Research Article

Influence of human insulin on symptoms and awareness of hypoglycaemia: a randomised double blind crossover trial.

BMJ 1991; 303 doi: (Published 14 September 1991) Cite this as: BMJ 1991;303:622
  1. M Egger,
  2. G D Smith,
  3. A U Teuscher,
  4. A Teuscher
  1. Department of Medicine, University of Berne, Switzerland.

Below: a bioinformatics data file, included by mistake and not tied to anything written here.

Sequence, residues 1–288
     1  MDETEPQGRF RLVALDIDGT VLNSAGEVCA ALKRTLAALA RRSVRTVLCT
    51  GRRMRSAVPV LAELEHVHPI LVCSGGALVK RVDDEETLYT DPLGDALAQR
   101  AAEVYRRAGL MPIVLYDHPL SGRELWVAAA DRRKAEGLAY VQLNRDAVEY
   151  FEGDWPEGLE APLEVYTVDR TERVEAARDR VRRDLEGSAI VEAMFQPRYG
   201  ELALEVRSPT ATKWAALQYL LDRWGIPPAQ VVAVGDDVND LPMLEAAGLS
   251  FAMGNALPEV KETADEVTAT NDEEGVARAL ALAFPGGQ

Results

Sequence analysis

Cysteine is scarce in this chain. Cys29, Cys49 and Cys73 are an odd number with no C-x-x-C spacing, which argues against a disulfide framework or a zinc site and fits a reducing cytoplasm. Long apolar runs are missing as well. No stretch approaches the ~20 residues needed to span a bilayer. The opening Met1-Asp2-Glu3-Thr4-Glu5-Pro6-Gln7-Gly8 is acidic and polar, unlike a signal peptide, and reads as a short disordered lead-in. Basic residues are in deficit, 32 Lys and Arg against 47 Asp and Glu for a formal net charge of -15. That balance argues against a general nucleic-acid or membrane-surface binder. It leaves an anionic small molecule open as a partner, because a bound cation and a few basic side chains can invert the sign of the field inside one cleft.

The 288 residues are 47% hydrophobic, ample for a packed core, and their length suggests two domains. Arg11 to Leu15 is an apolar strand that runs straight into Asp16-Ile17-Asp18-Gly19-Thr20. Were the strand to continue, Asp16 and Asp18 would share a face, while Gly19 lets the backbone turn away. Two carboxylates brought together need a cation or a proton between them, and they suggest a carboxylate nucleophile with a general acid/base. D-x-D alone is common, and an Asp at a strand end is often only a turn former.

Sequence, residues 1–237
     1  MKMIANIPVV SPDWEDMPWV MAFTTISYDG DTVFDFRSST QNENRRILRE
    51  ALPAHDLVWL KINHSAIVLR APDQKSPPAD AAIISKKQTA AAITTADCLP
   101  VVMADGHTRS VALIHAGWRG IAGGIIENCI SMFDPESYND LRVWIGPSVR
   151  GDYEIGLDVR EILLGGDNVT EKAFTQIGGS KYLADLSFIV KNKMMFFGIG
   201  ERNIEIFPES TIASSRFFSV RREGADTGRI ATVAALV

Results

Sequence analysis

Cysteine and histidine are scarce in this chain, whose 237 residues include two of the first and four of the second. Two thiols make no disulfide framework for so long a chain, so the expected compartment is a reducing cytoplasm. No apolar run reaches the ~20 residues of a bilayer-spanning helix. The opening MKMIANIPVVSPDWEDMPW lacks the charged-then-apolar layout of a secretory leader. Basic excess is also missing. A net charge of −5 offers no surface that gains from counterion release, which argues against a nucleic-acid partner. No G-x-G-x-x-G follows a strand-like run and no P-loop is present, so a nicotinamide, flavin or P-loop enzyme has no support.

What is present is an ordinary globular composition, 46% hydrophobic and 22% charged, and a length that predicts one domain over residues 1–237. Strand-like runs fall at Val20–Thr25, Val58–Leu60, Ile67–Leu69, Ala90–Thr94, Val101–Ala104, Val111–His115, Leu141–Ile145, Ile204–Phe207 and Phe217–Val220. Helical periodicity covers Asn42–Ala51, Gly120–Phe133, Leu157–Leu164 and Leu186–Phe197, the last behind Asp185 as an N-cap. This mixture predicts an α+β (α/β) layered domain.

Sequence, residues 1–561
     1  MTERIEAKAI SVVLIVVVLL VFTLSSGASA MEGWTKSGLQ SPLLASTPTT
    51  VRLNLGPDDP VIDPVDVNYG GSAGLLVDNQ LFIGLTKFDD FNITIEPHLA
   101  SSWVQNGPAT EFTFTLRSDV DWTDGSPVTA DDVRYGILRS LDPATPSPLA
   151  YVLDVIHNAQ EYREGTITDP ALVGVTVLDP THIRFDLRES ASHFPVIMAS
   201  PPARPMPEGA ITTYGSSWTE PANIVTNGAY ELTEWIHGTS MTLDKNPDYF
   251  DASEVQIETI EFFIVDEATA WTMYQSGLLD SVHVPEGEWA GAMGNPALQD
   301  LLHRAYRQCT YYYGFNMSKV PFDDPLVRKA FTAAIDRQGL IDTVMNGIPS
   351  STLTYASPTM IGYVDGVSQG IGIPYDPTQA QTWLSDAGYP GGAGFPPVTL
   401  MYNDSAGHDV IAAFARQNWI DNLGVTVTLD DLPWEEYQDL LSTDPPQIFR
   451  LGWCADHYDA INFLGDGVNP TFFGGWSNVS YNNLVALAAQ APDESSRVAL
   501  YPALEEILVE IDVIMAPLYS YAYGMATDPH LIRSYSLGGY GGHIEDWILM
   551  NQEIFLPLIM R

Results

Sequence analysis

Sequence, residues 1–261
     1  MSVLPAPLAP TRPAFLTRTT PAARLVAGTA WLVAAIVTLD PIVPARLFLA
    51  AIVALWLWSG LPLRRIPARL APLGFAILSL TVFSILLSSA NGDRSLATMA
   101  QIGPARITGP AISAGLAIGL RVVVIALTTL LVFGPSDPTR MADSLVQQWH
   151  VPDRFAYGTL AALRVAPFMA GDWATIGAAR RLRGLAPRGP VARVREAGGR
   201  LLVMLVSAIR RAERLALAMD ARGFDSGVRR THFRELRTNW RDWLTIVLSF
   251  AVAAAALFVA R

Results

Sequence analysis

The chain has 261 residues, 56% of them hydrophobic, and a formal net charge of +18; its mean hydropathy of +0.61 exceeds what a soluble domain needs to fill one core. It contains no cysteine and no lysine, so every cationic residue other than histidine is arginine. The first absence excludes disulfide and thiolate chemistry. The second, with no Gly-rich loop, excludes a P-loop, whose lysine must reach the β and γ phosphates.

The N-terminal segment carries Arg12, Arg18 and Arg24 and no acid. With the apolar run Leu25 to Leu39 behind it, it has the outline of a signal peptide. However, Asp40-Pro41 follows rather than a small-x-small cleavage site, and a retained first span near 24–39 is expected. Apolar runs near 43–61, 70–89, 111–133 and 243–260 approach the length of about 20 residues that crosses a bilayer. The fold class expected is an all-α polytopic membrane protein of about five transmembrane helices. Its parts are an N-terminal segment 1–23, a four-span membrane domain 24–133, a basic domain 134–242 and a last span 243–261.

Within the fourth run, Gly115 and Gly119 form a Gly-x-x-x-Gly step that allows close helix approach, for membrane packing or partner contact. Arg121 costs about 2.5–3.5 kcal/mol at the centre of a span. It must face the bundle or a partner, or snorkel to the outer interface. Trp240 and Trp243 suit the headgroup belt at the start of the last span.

OBJECTIVE--To investigate the apparent increased risk of severe hypoglycaemia associated with use of human insulin by comparing the pattern of symptoms of hypoglycaemia with human insulin and porcine insulin. DESIGN--Randomised controlled double blind crossover trial of treatment with human insulin and porcine insulin, with two treatment periods of six weeks. SETTING--Diabetes outpatient department of a university teaching hospital in Berne, Switzerland. PATIENTS--44 patients (25 men, 19 women) aged 14 to 60 years, with insulin dependent diabetes mellitus. All patients met the following criteria: receiving treatment with fast acting soluble insulin and long acting protamine insulin; performing multiple daily fingerstick blood glucose self measurements; and had stable glycaemic control with about one mild hypoglycaemic episode a week during the preceding two months. INTERVENTION--Patients were randomised to receive either human or porcine insulin for six weeks and were then changed over to the other type of insulin for a further six weeks. MAIN OUTCOME MEASURE--Questionnaire recording "autonomic" and "neuroglycopenic" symptoms that occurred during hypoglycaemic episodes confirmed by a blood glucose concentration less than or equal to 2.8 mmol/l. RESULTS--Insulin doses and blood glucose, glycated haemoglobin A1c, and fructosamine concentrations were similar during the two treatment periods. 493 questionnaires on hypoglycaemia (234 during treatment with human insulin and 259 during treatment with porcine insulin) were analysed. With human insulin patients were more likely to report lack of concentration (52% v 35%, p = 0.0003) and restlessness (53% v 45%, p = 0.004) and less likely to report hunger (33% v 42%, p = 0.016) than during treatment with porcine insulin. The difference in the pattern of symptoms during the two treatments was similar to that between the 12 patients with a history of recurrent hypoglycaemic coma and the 32 patients without such a history. CONCLUSIONS--The pattern of symptoms associated with human insulin could impair patients' ability to take appropriate steps to avoid severe hypoglycaemia. Caution should be exercised when transferring patients from animal insulin to human insulin, and a large scale randomised trial of the two types of insulin may be justified.